Wednesday, September 12, 2012

A New Reality Check on Co- Pay Offset Programs

The Zitter Group recently released the Co-Pay Offset Monitor (COM), an intriguing mid-2012 snapshot of co-pay offset programs.

The research identified 419 co-pay offset programs from 440 unique brands and 131 pharmaceutical manufacturers. In addition to a boatload of benchmarking data, the report challenges some widely-held beliefs about these controversial programs:
  • Only 3% of the 440 brands with co-pay offset programs had a generic equivalent, undercutting a major criticism of these programs.
  • Seven out of ten biologics have a co-pay offset program, compared to only 44% of traditional brand-name drugs.
  • Twenty-four manufacturers sponsored 5 or more programs for their promoted brands.
Read on for the details. Anyone interested in understanding the topic or benchmarking current programs should get access to this research. Indubitably.


The Zitter Group’s Co-Pay Offset Monitor (COM) report identified 419 co-pay offset programs from 440 unique brands and 131 pharmaceutical manufacturers. A co-pay offset program can be applied to more than one brand, and vice verse. There is lots of detailed analysis that describes specific manufacturers’ strategies and patterns across major therapeutic classes.

The report also provides some useful conceptual frameworks, such as a classification of six co-pay offset program types. The report includes interviews and survey research with physicians, patients, pharmacists, marketers, and co-pay program vendors.

The Zitter Group has published the following two short articles about the report:
The good folks at TZG provided me with the full report, but it is not readily available for purchase or download. For more information about the report, email Chris Wheeler at TZG. Tell him that Drug Channels sent you!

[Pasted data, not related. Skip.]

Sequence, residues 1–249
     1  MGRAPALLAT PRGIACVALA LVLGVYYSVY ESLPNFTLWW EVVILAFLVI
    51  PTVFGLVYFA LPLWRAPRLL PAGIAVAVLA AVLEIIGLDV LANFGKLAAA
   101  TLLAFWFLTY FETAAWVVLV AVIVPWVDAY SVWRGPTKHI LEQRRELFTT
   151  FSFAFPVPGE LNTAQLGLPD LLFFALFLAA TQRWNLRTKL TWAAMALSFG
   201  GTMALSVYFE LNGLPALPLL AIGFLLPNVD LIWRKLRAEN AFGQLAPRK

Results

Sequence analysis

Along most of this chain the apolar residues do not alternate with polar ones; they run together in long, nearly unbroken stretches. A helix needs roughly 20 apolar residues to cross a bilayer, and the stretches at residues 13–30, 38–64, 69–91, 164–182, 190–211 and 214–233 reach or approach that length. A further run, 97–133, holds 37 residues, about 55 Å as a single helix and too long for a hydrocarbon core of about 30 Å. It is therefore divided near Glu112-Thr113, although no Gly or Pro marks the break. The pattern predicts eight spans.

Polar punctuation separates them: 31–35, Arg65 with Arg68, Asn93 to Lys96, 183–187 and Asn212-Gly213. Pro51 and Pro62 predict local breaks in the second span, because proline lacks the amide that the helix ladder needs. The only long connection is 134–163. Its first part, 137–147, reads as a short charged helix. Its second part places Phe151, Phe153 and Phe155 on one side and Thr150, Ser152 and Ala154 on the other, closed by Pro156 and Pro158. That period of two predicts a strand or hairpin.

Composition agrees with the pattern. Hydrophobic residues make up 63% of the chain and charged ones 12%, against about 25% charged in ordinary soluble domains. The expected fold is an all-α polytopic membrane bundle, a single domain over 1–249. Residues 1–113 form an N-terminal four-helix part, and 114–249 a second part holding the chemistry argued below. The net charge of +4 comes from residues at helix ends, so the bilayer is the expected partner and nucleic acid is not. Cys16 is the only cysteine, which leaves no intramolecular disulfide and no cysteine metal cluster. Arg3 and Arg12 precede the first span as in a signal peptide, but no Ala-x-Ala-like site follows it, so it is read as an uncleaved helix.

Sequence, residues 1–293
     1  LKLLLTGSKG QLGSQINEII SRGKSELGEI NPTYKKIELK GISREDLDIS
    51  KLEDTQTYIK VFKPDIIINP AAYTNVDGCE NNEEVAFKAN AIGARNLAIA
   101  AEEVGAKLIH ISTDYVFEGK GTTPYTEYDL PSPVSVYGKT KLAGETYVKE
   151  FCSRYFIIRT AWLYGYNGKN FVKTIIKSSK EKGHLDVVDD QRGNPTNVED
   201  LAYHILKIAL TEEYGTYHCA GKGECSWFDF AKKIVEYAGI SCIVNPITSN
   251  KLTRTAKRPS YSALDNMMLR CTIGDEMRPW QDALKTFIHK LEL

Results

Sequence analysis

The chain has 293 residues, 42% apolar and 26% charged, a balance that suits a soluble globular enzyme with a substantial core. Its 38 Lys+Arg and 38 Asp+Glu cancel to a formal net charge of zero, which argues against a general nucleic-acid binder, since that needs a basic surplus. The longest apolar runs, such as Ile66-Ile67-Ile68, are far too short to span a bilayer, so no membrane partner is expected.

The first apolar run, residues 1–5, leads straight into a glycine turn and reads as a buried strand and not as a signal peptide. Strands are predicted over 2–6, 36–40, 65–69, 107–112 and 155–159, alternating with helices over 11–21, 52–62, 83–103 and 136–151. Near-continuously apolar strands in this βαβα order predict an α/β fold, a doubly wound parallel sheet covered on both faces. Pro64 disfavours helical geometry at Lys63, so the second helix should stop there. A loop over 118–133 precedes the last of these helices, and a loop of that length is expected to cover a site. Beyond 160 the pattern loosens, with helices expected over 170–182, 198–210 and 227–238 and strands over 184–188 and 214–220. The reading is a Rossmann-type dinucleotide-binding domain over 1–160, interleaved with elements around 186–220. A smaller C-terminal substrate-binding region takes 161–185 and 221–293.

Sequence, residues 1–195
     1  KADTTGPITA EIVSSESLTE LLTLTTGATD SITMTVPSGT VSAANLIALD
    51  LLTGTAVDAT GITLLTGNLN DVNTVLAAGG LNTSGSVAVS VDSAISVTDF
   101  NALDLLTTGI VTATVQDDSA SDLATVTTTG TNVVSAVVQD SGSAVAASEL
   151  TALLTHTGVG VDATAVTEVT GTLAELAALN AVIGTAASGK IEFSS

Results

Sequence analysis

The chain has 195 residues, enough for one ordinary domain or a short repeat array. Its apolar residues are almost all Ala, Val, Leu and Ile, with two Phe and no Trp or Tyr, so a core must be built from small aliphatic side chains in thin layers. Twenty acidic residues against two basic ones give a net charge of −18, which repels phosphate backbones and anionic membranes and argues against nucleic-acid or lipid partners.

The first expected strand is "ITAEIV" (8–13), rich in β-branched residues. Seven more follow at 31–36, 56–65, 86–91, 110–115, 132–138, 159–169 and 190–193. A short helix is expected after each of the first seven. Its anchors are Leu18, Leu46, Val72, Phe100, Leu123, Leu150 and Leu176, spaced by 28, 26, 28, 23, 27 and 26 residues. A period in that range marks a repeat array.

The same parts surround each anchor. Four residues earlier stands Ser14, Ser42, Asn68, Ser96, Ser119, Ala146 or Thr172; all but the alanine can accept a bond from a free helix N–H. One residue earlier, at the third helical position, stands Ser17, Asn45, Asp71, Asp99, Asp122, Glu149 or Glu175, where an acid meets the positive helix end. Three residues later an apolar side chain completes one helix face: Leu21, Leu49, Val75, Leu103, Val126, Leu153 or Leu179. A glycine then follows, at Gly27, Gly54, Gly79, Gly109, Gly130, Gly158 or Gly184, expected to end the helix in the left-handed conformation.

I have long been intrigued by the battle over co-pay offset programs.

Payers don't like these programs, believing that co-pay coupons boost brands at the expense of generic alternatives. PBMs are also unhappy because direct-to-consumer discounts via a co-pay offset are an alternative to contracting for access via a PBM rebate. See Wake-Up Call for Co-pay Cards.

At the same time, co-pay programs can be valuable tools in helping employers ensure a healthy workforce by reducing prescription abandonment data. See Co-Payments and Prescription Abandonment.


Contrary to expectations, co-pay offset programs are not being used to discourage generic substitution. Of 440 brands with co-pay offset programs, only 13 brands (3%) faced a generic therapeutic equivalent.

These data are consistent with the results cited by the Amundsen Group’s Mason Tenaglia in A Defense of Co-Pay Cards. High-profile programs like Pfizer’s Lipitor strategy appear to be the exception, not the rule.

Note that the report did not evaluate whether the brands faced a generic product in the same therapeutic category, e.g., simvastatin vs. Lipitor.


As the chart below shows, biological drugs are much more likely to have a co-pay offset program, compared to a sample of nearly 1,000 non-biologic brands. Specialty drugs tend to be tier 4 drugs and often require patients to make prohibitive coinsurance payments.

Even How Copay Coupons Could Raise Prescription Drug Costs By $32 Billion Over the Next Decade, the PCMA’s major attack on these programs, excused specialty drugs, because “specialty products do not undermine generics and manufacturer price concessions to health plans in the same way that copay coupons on non-specialty brands do.” Sointenly.


The COM data make an important contribution to the co-pay offset debate. I look forward to updates that track the programs' evolution.


  1. It would be helpful to see an analysis of the copay offset claims (as a percentage of total claims count or revenue for those 440 brands) that have a generic alternative available, in the category.

  2. Another point of interest that cannot be measured is how copay offsets incent members to utilize brands that are not preferred by PBMs or that generate lower manufacturer revenue (and thus generate lower payer rebates).

  3. On the point about PBMs not liking them, because they encourage continuation on brands rather than a move to generics, vis-à-vis the TZG study saying that only 3% of the 440 brands being supported by co-pay offsets have a generic equivalent… The TZG chart uses the words “direct generic available” (or not). I suspect the PBMs would argue that a lot more of those 440 brands actually have “therapeutic equivalent” generics available, even if a particular brand is still patent protected. That’s what a lot of the step therapy and generic substitution programs are based on – one or more good medical alternative generics being available in a particular drug class that also has brand drugs in it.